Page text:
EDIT: ...we aren't in same league. Sorry.
Why am I saying this? Because I'm sick and tired of the presence of misspelled words in emails and websites on the internet. You may find different abbrevations, acronyms, -- that's okay, you need to be familiar with these and then you may apply them. What is mainly annoying for me is the non-capitalization and the grammar. I noticed this symptoms nearly everywhere -- I've come across to some blogs that have very bad grammar or even posts in different forums.
This problem does exist apart from which country are you living in.
We have a conversation with one of my friend recently who has a doctorate in linguistics. He blames the messenger and cell phones because people tend to shortened the words or to substitute on purpose some letters when we try to write a message fast, so at then end we get use to write incorrectly in every time. Naturally, writing on the net have the potential to make inaccuracies, there's also chance that there'll be nobody checking our work for grammar mistakes.
How did the flow of the information work in the earlier times?
The majority of us received our bulk information from a printed mediums before the 'information revolution'. By reading a newspaper or magazine you were able to observe the professionalism in their writing. A newspaper or a magazine is a product and they were struggling to keep that standard and hereby the value and prestige of that product -- up to now.
They are able to fit that requirements because of their quality background; professional writers, editors, proofreaders. These qualified person's job is to be expert on grammar, spelling, formatting, style, etc. -- they are receiving their revenue for that activity. They intend to make ensure that you cannot find errors (at least very rarely) in the newspaper available at the newsdealers.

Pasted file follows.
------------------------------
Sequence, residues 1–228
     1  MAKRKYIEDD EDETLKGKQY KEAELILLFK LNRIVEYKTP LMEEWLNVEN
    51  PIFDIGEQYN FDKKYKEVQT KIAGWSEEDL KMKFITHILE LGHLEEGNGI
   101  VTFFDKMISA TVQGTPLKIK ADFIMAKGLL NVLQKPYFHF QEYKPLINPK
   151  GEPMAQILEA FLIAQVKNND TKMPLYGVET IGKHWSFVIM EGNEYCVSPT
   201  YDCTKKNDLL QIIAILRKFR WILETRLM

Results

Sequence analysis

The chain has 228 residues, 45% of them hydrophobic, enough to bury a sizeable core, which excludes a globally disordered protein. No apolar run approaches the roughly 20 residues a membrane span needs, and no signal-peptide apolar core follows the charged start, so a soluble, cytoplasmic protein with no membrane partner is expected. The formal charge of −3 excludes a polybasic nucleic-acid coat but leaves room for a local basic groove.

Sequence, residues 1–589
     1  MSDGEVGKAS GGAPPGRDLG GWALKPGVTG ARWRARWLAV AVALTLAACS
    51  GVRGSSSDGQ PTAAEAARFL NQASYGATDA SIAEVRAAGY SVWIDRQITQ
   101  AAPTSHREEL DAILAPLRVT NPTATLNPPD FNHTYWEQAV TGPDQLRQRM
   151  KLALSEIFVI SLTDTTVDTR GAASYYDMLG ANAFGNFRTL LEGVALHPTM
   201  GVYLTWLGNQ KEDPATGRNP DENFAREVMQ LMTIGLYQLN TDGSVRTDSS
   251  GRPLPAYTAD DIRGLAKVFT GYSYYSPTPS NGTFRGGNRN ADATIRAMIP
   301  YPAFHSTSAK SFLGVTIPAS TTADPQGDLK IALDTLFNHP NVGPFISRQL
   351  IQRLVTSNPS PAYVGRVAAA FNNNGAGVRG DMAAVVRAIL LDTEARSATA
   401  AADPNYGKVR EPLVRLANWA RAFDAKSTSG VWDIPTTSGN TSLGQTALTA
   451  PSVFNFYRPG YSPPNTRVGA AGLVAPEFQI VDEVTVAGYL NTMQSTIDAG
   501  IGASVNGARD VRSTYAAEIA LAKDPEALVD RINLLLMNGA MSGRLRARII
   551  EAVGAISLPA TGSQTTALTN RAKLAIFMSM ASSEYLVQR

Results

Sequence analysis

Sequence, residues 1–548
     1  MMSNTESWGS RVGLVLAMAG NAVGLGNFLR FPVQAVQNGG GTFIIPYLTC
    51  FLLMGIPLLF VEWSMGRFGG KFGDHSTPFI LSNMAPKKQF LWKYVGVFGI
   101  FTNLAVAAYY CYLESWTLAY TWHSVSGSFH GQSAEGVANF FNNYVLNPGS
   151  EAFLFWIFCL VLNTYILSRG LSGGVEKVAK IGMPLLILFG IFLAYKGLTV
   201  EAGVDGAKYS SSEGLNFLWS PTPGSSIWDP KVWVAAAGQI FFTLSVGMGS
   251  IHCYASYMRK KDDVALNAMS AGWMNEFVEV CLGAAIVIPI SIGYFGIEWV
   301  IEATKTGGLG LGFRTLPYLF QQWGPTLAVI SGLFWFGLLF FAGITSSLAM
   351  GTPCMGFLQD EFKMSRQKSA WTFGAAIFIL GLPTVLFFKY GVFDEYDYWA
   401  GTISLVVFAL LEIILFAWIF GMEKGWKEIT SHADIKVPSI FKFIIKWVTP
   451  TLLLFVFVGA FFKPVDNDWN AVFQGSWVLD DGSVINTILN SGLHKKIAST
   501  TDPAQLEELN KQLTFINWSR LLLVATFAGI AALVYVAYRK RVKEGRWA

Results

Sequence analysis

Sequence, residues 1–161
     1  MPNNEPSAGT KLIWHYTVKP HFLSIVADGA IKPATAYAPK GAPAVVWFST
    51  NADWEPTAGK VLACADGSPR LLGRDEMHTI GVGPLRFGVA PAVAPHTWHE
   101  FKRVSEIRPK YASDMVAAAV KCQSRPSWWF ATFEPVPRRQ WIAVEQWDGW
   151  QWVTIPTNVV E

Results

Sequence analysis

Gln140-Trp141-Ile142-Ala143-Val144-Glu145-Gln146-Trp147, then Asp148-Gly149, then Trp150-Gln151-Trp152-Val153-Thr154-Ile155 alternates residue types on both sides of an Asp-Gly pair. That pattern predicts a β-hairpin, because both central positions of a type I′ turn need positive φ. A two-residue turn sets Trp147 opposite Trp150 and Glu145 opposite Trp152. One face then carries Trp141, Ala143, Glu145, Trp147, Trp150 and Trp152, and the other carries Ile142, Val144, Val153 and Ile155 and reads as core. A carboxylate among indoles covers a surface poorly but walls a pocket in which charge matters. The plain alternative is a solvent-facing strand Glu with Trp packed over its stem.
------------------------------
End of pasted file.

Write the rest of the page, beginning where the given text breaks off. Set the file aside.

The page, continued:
My age group grown up with information sources that were perfect in spelling and grammar -- you may expected the quality in these. At that time people received adequate education about it in schools, too. But time is changing as everything. I' am not meant to form a judgement on the standard of the present education systems -- I only hope that they do everything what may be possible in this object.
I've mentioned the 'information revolution' above. We are living in an accelerated era where you have tremendous source mediums for gaining information; newspapers/magazines, radio channels, tv channels, and the internet. You can read, hear, see different devices to mediate that information what you want. But with the increase of the number of the opportunities the quality of passing of the information did not improve IMHO.
The internet delivers gazilion information -- some of these has quality, some hasn't. Nowadays anyone can start a website, can become a website writer, can become editor -- without any skill and former experience professional writers in the print zone have.
If a website owner has knowledge and talent in writing that is fine. If s/he hasn't it then s/he writes as s/he can. And you need to be able to understand what you read. Another option is to hire a professional writer and editor to ensure the quality. But it needs some amount of money not everyone has on the start.
And there are other people of course who don't lays claim to the quality, at all. They are those who prefer to using the $1-$2 articles because don't want to acknowledge the knowledge and talent of the writer -- for this reason they don't want to pay for the quality what that writer produces.
All of the above explains that grammar mistakes and spelling errors will continue to crop up all over the internet, until some changes in the financial side and mainly in the thinking of people. Maybe, that I have to expect for that change for a long time.
It may be also that I'm too old-fashioned -- I try to take over the changes though. Sure, if I see a website with poor grammar I associate that with the quality of the offered product and don't purchase.
How are you thinking about it?
"If you wish to persuade me, you must to think my thoughts, feel my feelings, and speak my words." (Cicero the Roman)